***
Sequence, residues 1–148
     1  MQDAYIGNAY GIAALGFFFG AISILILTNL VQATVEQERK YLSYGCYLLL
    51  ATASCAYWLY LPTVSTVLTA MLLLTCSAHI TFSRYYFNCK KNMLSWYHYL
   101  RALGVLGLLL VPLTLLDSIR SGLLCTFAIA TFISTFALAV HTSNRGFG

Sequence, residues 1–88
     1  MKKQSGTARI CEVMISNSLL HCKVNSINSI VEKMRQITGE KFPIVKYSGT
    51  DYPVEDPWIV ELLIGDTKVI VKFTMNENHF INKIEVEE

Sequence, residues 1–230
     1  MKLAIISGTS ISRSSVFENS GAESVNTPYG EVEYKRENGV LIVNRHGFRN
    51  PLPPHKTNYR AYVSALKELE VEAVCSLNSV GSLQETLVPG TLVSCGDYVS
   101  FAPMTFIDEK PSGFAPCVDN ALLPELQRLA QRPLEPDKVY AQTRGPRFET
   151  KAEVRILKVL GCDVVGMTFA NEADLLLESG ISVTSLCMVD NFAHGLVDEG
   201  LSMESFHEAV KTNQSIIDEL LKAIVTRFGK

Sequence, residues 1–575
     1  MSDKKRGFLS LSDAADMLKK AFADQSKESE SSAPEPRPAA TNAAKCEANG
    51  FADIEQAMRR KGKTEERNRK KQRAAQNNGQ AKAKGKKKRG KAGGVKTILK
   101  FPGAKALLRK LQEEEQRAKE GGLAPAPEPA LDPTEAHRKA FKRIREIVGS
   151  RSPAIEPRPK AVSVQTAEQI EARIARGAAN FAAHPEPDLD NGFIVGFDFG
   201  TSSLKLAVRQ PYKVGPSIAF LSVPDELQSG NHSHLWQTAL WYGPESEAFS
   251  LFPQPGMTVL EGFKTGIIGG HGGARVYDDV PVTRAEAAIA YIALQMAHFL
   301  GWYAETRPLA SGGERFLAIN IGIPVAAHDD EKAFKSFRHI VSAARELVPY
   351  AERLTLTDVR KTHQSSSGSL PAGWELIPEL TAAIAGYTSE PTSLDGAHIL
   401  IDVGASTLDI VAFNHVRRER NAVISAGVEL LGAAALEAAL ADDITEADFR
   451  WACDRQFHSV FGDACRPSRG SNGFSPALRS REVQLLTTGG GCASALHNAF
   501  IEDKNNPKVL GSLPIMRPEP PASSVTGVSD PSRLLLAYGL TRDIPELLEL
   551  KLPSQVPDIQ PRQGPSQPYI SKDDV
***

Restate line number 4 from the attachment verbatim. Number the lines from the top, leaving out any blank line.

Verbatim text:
   101  RALGVLGLLL VPLTLLDSIR SGLLCTFAIA TFISTFALAV HTSNRGFG